3 Tips To A Better Knee Assessment

Posted By: Andy Barker

The knee should be a pretty straight forward joint to test.

The joint itself is relatively simple…

It’s a modified hinge joint, it flexes and extends (it also internally and externally rotates when flexed)…

And has a muscles to front (quads) and back (hamstrings and calfs) that give it active support.  

But I am sure as simple as knee might appear, you have had some patients with knee pain that you have found tricky to deal with. 

You may have struggled with your objective assessment and be unsure what the diagnosis is.

Maybe you feel you do too many special tests, even when they you can not really reason why you are doing them (this is really common) or…

Maybe you worry that you might miss an important injury at the knee, like an ACL injury.

To help you out here are 3 tips to help you better make sense of the knee and help you conduct a better knee objective assessment.

#1 Know Your Tests

Special tests of the knee generally have good sensitivity and specificity.

This means that it should be easier for you to identify exactly what structure is causing your patients pain, compared with other joints like the shoulder.. 

However, this all depends on you being able to perform the tests well on your patient.

The best test done badly, will probably give you the wrong result. 

This might be a false positive or false negative result, but either way, it will probably lead you to the wrong diagnosis.

Also, you need to make sure you do the right test.

For every possible injury at the knee, you should have a test in mind that you could use on your patient to rule in, or out, this potential diagnosis.

ACL = Lachman’s

MCL = Valus test

LCL = Varus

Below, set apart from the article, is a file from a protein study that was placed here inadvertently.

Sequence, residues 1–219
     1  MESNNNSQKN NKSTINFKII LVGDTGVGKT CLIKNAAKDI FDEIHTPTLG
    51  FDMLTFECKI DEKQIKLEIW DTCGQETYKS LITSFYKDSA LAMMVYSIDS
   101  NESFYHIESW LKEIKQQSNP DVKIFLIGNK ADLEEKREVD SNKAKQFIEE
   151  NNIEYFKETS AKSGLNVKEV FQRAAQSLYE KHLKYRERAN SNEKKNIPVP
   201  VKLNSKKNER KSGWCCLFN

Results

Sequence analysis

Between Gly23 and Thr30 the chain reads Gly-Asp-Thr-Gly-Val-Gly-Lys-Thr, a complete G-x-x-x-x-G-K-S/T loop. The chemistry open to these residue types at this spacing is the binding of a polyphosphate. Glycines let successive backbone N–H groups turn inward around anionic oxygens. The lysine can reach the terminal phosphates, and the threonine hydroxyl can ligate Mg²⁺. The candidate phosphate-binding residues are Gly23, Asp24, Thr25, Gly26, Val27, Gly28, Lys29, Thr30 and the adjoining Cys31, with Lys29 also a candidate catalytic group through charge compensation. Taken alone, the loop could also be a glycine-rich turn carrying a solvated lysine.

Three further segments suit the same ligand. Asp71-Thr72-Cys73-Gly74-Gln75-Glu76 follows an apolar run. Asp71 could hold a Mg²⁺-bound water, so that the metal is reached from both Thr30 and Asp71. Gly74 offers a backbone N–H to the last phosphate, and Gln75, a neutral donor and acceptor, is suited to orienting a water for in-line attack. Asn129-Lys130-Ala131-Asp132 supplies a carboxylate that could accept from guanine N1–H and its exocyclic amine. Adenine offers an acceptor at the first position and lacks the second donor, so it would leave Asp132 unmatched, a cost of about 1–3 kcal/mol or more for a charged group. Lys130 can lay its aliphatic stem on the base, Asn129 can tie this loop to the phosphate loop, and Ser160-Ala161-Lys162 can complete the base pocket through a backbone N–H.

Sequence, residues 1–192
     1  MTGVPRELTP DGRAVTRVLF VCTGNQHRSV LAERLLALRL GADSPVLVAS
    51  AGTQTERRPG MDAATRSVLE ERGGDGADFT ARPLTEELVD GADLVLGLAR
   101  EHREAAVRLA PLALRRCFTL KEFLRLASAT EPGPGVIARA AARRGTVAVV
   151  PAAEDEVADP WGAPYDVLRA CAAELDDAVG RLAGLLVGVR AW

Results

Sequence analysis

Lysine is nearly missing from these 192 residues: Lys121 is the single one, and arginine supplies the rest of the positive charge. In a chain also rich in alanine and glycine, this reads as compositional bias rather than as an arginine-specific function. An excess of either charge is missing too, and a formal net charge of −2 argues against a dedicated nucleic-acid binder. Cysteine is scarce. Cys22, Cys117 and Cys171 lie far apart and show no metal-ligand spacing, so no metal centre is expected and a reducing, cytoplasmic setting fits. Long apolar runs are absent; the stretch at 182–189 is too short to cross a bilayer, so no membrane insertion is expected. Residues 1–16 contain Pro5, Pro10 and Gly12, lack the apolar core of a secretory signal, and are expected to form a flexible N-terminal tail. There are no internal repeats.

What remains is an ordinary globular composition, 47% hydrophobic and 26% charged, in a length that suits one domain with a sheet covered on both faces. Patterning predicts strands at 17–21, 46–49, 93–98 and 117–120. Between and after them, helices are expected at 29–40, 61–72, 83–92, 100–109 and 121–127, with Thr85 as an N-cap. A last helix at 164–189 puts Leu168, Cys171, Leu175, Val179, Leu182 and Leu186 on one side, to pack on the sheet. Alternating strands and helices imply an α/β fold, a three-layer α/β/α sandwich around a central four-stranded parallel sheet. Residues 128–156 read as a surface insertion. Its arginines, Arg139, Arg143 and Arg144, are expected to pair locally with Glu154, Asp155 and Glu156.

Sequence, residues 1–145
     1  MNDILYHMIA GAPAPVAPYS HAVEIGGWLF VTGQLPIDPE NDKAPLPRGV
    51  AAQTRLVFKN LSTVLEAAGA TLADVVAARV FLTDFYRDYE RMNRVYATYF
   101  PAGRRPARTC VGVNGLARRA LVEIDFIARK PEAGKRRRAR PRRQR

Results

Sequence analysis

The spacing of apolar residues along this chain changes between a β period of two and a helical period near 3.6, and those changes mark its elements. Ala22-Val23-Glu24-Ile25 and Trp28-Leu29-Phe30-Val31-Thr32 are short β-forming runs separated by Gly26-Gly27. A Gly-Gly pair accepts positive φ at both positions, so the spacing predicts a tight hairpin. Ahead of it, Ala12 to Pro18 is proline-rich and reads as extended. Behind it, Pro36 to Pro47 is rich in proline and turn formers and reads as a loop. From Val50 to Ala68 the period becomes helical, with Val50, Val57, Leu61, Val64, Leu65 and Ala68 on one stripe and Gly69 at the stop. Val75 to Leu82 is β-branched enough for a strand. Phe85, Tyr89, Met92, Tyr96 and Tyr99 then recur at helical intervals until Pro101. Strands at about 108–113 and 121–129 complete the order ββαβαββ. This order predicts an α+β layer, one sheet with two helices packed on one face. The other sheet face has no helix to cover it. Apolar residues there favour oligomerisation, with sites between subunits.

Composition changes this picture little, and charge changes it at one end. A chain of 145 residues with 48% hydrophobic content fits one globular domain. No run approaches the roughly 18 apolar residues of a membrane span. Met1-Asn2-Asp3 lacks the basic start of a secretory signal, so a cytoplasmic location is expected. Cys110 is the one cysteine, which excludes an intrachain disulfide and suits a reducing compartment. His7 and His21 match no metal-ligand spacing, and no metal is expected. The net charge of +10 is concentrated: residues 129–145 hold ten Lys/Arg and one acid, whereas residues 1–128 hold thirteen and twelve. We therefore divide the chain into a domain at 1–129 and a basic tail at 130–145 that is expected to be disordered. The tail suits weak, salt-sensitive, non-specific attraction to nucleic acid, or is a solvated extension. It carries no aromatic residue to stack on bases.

Meniscus = McMurray’s

You get the idea.

Always remember…

When presented with knee pain (or any injury for that matter) you should NOT just test everything.

This is one of the many errors I see therapists doing all the time, especially new grads.

Assessing a knee and just testing every possible injury, even when the subjective assessment does not warrant this.

This was the approach you were taught at University, but there is a big problem with this (see #2).

The aim with any testing is to be as specific as possible and special testing is no different.

Fail to do this and you risk gaining a false positive or false negative result or even worse…

You might miss an important injury like an ACL.

#2 Do Your Tests In The Right Order

Two things should influence the ordering of your special testing.

Firstly, you should pick the most relevant test, or tests, for the suspected injury you think your patient has, having completed your subjective assessment.

This is your primary hypothesis. 

For example, if you suspect an ACL injury, you might conduct a Lachman’s or anterior draw test.

Hopefully you are already doing this. 

Secondly, if you suspect or want to rule out other injuries, you should always try to test the least provocative tests first.

With the ACL example above, you may want to clear an MCL or medial meniscal injury, two commonly seen injuries with an ACL mechanism of injury. 

Having tested the ACL first, you might then do a valgus stress test (MCL) followed by a McMurray’s test (meniscus). 

The MCL valgus test is an isolated test, which tests the integrity of the MCL.

The McMurray’s test, whilst a meniscal test, the motion of the test will provide a valgus force to the knee, and as such will stress the MCL too.

So by doing the McMurray’s test before the MCL valgus test you might have already tested the MCL, and as such provoked it.